For the purposes of this study, a modeling approach with rapid solution throughput is desired to provide the opportunity to iteratively solve for feasible flapping motions at each time step. Therefore, the modified strip theory approach developed by DeLaurier is used as a model baseline [15]. Several corrections are applied to this model to improve the prediction quality in the present study which will be briefly summarized.

The model discretizes the wings into chordwise strips from the root to the tip, computes quasi-steady forces on each strip, and sums the forces to determine the total wing force. Wing chord is the product of the root chord defined as c0 and the chord shape c¯(ζ), defined in Eq. (1) as a function of normalized span location ζ. This wing design is derived from an experimental characterization and manufacturing sensitivity analysis that established a wing baseline with a favorable blend of lift and thrust production [28].
c¯(ζ)={1 for 0ζ<124ζ(1ζ)for 12ζ1
(1)
Stripwise normal force is computed as the sum of circulatory and added mass forces. Circulatory force is computed as shown in the below equation, where the flight speed and relative flow velocity and the quarter chord are U and V̂0.25c, semispan is y0, spanwise location is ζ, and the normal force coefficient is Cn
dNc=ρUV̂0.25c2Cn(y0ζ)cos(γ)cy0dζ
(2)
The normal force coefficient is computed using a modified three-dimensional Theodorsen function to account for finite-span unsteady vortex wake effects. The added mass force is computed as shown in the below equation
dNa=ρπc24(Uα˙14cθ¨)y0dζ
(3)
The chordwise forces are computed as the sum of cambered wing drag, leading-edge suction, and viscous friction drag as shown in the below equations
dDcamber=2πα0(α+θ¯)cos(γ)ρUV̂0.25c2cy0dζ
(4)
dTs=ηs2πα0(α+θ¯)cos(γ)ρUV̂0.25c2cy0dζ
(5)
dDf=CdfρVx22 cy0dζ
(6)
The baseline modified strip theory model used thus far determines if flow separation occurs following a helicopter analysis methodology that is unsuitable for the flapping-wing case now examined. Therefore, an enhanced dynamic stall criterion is adopted from the model by Kim et al. for large amplitude flapping [19] and based on experimental data collected by Scherer in characterizing oscillating airfoils [29]. The dynamic stall condition is defined in Eq. (7) with the dynamic stall correction factor defined in Eq. (8) as a function of both plunging and pitching
αdyn=ξmaxαstall
(7)
ξmax={1+|tan1[h˙cos(θθ¯a)/Vx]||αstall|+0.51θ|θ˙|c|θ˙|2Uαstall,αdyn2αstall2,αdyn<2αstall
(8)

The method of force application is dependent on flow condition at each time step. With attached flow, circulatory forces act at the quarter chord point, added mass acts at the half chord point, and chordwise forces act along the wing chord. In the case of dynamic stall, the leading-edge suction force shifts to the wing normal direction and the circulatory force moves to the 1/3 chord location. Finally, in separated flow conditions, all the chordwise forces vanish and all the normal forces act at the half chord point.

The differential forces in the normal and chordwise directions are resolved into lift and thrust forces at each time step based on the wing positions according to Eqs. (9) and (10), then the total wing forces are computed as the sum of each differential wing strip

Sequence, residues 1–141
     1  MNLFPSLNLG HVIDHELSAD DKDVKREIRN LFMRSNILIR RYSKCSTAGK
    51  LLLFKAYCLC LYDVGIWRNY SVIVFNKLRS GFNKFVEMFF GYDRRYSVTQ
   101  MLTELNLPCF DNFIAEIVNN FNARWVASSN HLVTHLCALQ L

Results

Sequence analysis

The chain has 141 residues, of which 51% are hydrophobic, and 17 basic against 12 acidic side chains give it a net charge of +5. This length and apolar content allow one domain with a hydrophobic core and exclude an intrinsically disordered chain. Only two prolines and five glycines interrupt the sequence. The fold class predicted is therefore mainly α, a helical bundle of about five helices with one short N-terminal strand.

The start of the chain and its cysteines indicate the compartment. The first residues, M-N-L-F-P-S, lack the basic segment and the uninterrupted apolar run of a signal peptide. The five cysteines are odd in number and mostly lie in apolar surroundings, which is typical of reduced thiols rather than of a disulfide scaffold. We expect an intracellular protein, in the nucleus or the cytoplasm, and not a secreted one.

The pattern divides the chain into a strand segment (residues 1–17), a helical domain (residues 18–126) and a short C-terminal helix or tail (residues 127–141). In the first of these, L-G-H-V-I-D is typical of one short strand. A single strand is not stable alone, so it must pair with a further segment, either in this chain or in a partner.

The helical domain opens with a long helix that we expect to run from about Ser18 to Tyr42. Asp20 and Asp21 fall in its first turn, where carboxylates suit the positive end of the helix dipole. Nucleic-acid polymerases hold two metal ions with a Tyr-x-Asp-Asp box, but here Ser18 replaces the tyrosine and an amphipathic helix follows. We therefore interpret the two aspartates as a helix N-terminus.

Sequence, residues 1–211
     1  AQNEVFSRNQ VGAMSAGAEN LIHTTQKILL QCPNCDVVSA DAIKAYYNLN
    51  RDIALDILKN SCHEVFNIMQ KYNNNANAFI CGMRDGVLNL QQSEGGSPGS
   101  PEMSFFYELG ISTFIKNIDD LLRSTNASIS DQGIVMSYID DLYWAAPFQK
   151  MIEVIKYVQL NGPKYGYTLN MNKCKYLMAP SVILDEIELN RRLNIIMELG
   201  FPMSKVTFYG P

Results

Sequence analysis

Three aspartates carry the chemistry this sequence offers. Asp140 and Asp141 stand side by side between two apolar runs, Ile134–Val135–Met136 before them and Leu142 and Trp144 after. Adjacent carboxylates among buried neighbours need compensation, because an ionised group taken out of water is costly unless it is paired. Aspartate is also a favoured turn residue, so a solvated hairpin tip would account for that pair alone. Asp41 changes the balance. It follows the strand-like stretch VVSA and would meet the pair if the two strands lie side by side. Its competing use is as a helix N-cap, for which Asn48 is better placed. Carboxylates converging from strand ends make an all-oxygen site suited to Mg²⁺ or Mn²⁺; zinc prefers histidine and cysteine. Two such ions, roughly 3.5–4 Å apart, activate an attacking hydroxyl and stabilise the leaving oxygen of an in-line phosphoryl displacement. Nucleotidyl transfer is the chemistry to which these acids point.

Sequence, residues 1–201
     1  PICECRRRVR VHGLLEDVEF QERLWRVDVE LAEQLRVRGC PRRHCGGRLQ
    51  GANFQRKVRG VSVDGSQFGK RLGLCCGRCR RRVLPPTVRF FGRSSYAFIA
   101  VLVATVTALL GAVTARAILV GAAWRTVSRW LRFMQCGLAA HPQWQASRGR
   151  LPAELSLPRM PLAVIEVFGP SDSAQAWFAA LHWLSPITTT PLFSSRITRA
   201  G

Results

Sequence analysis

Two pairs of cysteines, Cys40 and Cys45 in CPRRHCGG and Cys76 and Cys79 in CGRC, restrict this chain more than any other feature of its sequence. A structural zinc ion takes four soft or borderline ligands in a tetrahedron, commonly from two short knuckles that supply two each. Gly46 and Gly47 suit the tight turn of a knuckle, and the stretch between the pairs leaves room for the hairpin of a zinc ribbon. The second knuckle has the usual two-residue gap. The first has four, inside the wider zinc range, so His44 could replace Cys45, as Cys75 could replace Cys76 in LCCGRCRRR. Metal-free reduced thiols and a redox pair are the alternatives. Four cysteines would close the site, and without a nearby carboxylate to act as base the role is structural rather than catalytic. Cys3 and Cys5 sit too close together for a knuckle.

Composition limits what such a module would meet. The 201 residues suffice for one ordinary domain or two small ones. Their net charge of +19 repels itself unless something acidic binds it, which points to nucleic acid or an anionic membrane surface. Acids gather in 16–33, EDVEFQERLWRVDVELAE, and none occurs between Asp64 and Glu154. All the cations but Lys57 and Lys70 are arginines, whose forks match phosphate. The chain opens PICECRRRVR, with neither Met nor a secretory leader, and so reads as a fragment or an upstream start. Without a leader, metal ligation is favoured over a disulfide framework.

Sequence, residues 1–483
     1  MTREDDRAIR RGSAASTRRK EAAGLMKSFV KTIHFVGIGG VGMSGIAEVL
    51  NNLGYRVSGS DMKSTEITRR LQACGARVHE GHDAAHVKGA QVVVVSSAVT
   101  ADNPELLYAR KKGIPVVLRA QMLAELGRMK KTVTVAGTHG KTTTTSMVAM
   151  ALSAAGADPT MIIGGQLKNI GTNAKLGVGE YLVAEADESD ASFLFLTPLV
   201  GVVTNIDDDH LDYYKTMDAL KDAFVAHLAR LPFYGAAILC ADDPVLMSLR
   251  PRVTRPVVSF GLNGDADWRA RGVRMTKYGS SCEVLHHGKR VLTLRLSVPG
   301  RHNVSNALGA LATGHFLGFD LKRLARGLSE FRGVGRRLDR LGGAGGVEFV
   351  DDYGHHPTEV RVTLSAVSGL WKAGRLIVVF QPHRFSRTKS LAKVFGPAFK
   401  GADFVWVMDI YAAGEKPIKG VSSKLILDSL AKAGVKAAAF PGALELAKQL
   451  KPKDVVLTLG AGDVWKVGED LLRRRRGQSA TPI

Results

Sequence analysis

dL=dNcosθ+dFxsinθ
(9)
dT=dFxcosθdNsinθ
(10)

The basic framework used for aerodynamic modeling and dynamic stall modeling has been presented here for completeness but the detailed description of the aerodynamic models chosen is beyond the scope of the present effort. However, highly detailed treatments of the modified strip theory aerodynamic model as well as the dynamic stall corrections applied are available from the respective authors, including several illustrations depicting the terms in the equations used and experimental validation studies [15,19].

Instrumentation Integration Into Flapping-Wing Flight Platform

Application of the presented strip theory approach requires flight testing to validate model parameters including vehicle orientation, airspeed, and wing tracking, corresponding to θ¯, U, and γ in aerodynamic model equations. To provide this information while eliminating the errors associated with rigid mounting of flapping-wing air vehicles, a free flight instrumentation suite is integrated into a flapping-wing air vehicle.

A high level diagram of the instrumentation suite is shown in Fig. 1. The system uses four parallel microcontrollers to handle computationally expensive tasks due to the need for processor availability to respond quickly to pilot inputs and the need for a stable timestamp across all the data channels collected by the system. The attitude and heading reference system (AHRS) uses sensor fusion algorithm to estimate vehicle attitude using a direction cosine matrix approach that eliminates sensor drift summarized in Ref. [30]. The analog to digital conversion (ADC) of current and voltage measurements is handled by a separate microcontroller to maximize sampling rates for improved power consumption estimates. This approach is necessary because the servo motors used have a control system with 300 Hz PWM current modulation instead of smooth analog adjustments. The main microcontroller synchronizes computed results from the AHRS and ADC microcontrollers with the remaining sensors, while also handling the radio receiver and servo drive for command and control of the vehicle. Finally, the results of all the synchronized sensor outputs and pilot commands are written to a MicroSD card by a dedicated processor due to the high data throughput required to prevent buffer overruns. As a standalone add-on, a GPS data logging module may be optionally included which consists of an antenna and data logging system. This module is removable to facilitate indoor flights in GPS-denied environments.